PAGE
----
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ASU Electronic Theses and Dissertations


This collection includes most of the ASU Theses and Dissertations from 2011 to present. ASU Theses and Dissertations are available in downloadable PDF format; however, a small percentage of items are under embargo. Information about the dissertations/theses includes degree information, committee members, an abstract, supporting data or media.

In addition to the electronic theses found in the ASU Digital Repository, ASU Theses and Dissertations can be found in the ASU Library Catalog.

Dissertations and Theses granted by Arizona State University are archived and made available through a joint effort of the ASU Graduate College and the ASU Libraries. For more information or questions about this collection contact or visit the Digital Repository ETD Library Guide or contact the ASU Graduate College at gradformat@asu.edu.


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Subject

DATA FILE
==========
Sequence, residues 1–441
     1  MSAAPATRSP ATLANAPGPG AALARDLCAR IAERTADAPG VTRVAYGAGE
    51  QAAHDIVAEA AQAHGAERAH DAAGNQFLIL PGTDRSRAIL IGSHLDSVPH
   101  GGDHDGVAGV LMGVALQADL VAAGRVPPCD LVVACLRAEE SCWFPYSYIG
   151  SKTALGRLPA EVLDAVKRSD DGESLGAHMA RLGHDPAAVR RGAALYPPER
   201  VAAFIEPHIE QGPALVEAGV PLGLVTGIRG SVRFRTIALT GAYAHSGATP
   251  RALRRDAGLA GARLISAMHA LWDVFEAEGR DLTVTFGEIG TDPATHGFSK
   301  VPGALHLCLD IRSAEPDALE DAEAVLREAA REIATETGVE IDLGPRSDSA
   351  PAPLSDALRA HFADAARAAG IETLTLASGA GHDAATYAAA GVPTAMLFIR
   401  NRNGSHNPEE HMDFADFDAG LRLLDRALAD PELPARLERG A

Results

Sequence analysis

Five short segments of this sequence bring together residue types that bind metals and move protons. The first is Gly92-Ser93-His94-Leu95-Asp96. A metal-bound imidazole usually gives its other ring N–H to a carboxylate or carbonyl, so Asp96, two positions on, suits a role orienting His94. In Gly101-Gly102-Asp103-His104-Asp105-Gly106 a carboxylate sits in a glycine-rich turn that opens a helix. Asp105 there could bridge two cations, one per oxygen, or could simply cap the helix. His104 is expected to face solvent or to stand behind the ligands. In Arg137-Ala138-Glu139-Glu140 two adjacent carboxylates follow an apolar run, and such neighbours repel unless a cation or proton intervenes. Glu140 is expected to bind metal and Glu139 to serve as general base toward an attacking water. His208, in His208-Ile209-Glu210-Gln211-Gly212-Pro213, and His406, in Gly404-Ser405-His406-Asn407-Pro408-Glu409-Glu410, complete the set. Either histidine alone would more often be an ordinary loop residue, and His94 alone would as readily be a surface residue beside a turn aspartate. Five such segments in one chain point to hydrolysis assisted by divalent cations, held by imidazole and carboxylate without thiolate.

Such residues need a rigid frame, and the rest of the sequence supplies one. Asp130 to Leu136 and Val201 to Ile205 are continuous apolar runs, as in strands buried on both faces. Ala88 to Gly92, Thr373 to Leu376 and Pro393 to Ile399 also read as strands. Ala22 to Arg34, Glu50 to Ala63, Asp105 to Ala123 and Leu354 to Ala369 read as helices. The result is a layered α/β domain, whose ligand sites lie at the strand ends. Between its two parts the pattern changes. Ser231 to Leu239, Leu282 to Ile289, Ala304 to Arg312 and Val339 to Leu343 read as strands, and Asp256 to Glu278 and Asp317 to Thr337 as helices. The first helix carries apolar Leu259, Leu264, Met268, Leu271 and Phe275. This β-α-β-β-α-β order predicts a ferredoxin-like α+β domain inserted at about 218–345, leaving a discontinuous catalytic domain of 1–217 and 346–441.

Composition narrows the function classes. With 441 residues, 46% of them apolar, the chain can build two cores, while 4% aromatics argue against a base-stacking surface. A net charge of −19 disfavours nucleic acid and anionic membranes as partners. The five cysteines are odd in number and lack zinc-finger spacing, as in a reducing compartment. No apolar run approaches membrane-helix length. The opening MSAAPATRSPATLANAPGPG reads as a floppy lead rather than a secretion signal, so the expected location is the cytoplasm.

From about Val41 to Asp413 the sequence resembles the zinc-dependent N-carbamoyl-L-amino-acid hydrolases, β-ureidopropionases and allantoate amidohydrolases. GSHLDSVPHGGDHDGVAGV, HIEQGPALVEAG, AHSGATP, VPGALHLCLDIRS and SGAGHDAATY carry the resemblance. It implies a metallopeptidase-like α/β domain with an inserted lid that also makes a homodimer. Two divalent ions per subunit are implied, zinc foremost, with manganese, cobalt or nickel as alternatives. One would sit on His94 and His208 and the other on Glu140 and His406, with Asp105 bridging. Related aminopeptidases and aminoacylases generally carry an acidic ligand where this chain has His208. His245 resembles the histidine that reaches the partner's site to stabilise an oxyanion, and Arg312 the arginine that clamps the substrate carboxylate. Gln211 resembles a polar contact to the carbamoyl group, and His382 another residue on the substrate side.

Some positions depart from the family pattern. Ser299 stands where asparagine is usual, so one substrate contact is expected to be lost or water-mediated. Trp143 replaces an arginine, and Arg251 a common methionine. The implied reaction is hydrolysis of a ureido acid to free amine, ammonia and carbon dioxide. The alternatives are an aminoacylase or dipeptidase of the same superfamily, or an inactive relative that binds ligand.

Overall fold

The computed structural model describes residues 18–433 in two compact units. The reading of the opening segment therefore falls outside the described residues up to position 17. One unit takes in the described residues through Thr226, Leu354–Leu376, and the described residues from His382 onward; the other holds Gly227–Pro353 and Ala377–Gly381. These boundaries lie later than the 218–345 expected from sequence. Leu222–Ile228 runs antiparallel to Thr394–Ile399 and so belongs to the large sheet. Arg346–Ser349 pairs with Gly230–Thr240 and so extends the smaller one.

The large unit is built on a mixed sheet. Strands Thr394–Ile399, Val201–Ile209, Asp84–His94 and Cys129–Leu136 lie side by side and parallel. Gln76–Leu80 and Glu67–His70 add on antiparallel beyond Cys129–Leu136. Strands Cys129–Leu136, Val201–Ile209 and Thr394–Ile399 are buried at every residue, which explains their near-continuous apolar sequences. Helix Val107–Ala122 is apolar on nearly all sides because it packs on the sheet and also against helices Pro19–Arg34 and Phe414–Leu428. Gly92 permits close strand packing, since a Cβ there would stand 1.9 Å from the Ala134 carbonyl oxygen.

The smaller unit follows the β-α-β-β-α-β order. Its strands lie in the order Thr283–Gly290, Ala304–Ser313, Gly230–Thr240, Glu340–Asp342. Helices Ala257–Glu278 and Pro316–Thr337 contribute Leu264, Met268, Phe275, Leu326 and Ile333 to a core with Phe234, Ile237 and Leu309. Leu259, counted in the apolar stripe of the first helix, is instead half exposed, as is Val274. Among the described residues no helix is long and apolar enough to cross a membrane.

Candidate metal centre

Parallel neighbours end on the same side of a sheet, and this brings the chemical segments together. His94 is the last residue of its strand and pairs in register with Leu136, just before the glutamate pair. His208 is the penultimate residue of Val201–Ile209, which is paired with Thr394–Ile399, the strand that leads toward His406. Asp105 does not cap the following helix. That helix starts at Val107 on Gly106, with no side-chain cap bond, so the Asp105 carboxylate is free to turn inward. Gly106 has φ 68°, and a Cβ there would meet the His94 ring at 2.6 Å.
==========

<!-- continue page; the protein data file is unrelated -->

Date Range
2010 2018


Research has shown that the learning processes can be enriched and enhanced with the presence of affective interventions. The goal of this dissertation was to design, implement, and evaluate an affective agent that provides affective support in real-time in order to enrich the student’s learning experience and performance by inducing and/or maintaining a productive learning path. This work combined research and best practices from affective computing, intelligent tutoring systems, and educational technology to address the design and implementation of an affective agent and corresponding pedagogical interventions. It included the incorporation of the affective agent into an Exploratory Learning Environment (ELE) …

Contributors